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The Limit: Chapter 37

Time passes slowly as Toni waits for her fateful meeting with stop-at-nothing Steven Dyson who is trying to gain control of the Rossetti family business.

To read earlier chapters of Peter Lacey’s thrilling crime novel please click on http://www.openwriting.com/archives/the_limit/

There was almost an hour to kill. That phrase again. As if time was an enemy. It was.

She had spent the best part of her life killing time, staying busy to avoid the emptiness. The only period in her life when time was an ally was childhood, when she had looked forward to birthdays or Christmas.

Even then it was fickle, passing slowly before the event and speeding up when it arrived. It was as if good times were either anticipated or remembered, but never actually experienced.

Time warped reality. What had happened in the past weeks, last night even, was memories. It was only real while it happened, while the fear or excitement could be tasted.

Now she was in limbo again, reliant, as ever, upon time. There was no anticipation, no quickening of the senses. There was an hour to kill before reality returned.

She parked the car in a side street near the Promenade and walked on to the front. The air had a chill that was more noticeable because the day had been so hot. Heavy clouds filled the horizon over the Irish Sea with the threat of a summer storm.

She wore the same dress she had worn for the coffee-room meeting with Steven Dyson a few hours before, but now wore a tan Jaeger cardigan with it, and leather gloves, and had swopped the high heels for flat shoes. The large raffia bag on her shoulder contained the brown envelope he had given her.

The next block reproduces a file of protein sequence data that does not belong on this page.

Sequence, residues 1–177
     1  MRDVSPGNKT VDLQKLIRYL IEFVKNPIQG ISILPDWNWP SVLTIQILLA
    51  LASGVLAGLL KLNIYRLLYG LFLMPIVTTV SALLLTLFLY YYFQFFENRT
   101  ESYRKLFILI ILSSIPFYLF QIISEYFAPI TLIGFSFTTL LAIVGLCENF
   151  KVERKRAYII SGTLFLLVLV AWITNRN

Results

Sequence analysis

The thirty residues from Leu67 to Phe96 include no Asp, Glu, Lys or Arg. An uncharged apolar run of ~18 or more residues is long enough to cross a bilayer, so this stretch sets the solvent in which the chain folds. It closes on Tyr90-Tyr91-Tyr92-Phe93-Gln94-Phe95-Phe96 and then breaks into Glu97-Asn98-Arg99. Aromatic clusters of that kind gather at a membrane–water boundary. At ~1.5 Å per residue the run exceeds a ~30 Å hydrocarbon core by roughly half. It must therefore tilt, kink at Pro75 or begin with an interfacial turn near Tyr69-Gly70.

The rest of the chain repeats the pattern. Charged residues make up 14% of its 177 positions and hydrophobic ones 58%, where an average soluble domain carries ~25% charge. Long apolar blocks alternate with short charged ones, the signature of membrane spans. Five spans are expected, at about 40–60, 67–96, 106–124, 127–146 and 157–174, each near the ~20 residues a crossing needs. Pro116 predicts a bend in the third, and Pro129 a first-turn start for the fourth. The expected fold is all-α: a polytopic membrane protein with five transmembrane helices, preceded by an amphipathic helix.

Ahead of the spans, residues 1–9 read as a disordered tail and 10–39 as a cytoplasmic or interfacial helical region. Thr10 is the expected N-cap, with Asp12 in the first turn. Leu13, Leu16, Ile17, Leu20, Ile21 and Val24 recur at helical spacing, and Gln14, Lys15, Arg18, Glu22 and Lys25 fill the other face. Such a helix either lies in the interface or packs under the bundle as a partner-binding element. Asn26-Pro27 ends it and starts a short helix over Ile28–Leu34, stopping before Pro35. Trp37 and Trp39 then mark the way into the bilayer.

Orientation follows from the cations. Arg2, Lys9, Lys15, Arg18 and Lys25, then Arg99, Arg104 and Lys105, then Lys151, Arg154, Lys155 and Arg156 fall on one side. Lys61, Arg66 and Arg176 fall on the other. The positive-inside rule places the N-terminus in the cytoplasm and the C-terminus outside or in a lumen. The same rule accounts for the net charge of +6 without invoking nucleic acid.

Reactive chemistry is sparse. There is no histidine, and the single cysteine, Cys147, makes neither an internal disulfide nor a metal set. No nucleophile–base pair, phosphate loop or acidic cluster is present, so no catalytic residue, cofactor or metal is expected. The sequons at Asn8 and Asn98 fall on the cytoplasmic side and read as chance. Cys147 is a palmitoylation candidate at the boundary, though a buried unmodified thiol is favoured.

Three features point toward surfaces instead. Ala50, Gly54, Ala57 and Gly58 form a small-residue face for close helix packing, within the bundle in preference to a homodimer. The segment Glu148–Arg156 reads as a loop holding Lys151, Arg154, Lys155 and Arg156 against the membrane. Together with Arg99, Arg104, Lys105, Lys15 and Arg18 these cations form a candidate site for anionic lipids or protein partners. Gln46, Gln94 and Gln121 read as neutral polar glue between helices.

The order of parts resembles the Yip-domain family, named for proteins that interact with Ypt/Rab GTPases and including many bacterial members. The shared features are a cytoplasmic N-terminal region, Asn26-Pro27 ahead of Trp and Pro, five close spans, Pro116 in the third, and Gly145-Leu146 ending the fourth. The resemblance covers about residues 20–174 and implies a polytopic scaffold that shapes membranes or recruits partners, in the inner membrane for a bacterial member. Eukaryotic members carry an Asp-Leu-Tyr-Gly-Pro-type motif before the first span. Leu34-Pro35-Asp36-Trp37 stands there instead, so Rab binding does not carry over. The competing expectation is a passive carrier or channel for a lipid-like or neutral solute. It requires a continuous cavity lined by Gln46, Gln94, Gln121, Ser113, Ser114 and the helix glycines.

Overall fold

Families wandered the Promenade, past the arcades, cafes and pubs, faces glowing from a day on the beach. Those without kids were in the bars, spending their holiday money and getting louder by the minute.

A photographer bumped into her as she hesitated outside the Sleaze Bar, grinned an apology, and went in, bag on shoulder, camera in one hand and tickets in the other.

A smudger. It was a good name. Few had ever had any training so their results were unlikely to win awards. And if their pictures were out of focus, so what? The punters were usually out of focus, too.

They captured smiling, drunken faces by the thousand, immortalising small slices of holiday. The punters treasured their six by fours. The pictures proved they had had a good time. She walked on.

The sights, sounds and smells were dominated by frying onions and fish and chips. At times, where the quick-snack joints lapped each other's counters, the pavement was carpeted with half-filled polystyrene trays. The revolting debris of fast food.

Outside a fancy goods shop she swung a rack of cartoon postcards. Fat women, small men in bowler hats and moustaches, busty blondes showing stocking tops. They had hardly changed in thirty years.

At a nearby stall three girls were choosing silly hats. They squealed with laughter as they tried them on and made fun of each other in Yorkshire accents.

Toni had forgotten how northern accents varied so much. When her father had been alive he had always had a calendar that listed the textile holiday dates of the cotton towns of Lancashire and the woollen towns of Yorkshire. Week by week the accents had changed. Accrington different from Blackburn, Huddersfield different from Bradford.

Their residents were still coming here on holiday, even though textiles was no longer king. The girls had probably saved their giros for a week of escape.

"Ooh, that's a right belter, Michelle. Look. Look, our Debbie. Intit? Intit a right belter?"

"It's a bit mucky, though. I mean. Lads'll think you're a right fast cat."

"Well they won't be far wrong, will they? Do owt for a chocolate biscuit, won't you, chuck?"

Toni laughed with them, envied them. The only complications they had tonight were finding three young men and then finding their way back to the boarding house through the alcohol.


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